The British submarine Venturer, commanded by 25-year-old Lieutenant Jimmy Launders, was dispatched from the Shetland Islands to intercept and destroy U-864.

ASDIC, an early name for sonar, would have been helpful in locating U-864, but at a price.  That familiar “ping” would have been heard by both sides, alerting the German commander he was being hunted.  Launders opted for hydrophones, a passive listening device which could alert him to external noises.  Calculating his adversary’s direction, depth and speed was vastly more complicated without ASDIC but the need for stealth, won out.

U-864 developed an engine noise and commander Ralf-Reimar Wolfram feared it might give him away. The submarine returned to Bergen for repairs.  German submarines of the age were equipped with “snorkels”, heavy tubes which broke the surface, enabling diesel engines and crews to breathe while running submerged.  Venturer was on batteries when those first sounds were detected.

The British sub had the advantage in stealth but only a short time frame, in which act.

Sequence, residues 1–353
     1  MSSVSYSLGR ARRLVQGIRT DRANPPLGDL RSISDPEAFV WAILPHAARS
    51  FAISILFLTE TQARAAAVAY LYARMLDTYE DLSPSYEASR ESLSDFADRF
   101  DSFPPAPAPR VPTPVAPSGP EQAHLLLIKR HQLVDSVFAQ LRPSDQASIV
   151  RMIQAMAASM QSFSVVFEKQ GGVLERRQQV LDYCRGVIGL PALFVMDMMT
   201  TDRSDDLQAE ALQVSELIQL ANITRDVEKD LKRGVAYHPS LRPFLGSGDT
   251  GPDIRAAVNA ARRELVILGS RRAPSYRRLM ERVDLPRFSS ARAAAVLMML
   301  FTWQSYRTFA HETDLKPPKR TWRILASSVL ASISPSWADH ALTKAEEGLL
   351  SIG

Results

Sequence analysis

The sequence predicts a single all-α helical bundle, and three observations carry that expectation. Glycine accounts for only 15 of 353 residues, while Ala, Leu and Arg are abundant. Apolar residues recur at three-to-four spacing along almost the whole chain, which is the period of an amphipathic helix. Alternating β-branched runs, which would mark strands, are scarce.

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A four dimensional firing solution accounting for time, distance, bearing and target depth was theoretically possible but had rarely been attempted under combat conditions.  Unknown factors could only be guessed at.

A fast attack sub Venturer only carried four torpedo tubes, far fewer than her much larger adversary.  Launders calculated his firing solution, ordering all four tubes and firing with a 17½ second delay between each pair.  With four incoming at different depths, the German sub didn’t have time to react.  Wolfram was only just retrieving his snorkel and converting to electric, when the #4 torpedo struck.  U-864 imploded and sank, instantly killing all 73 aboard.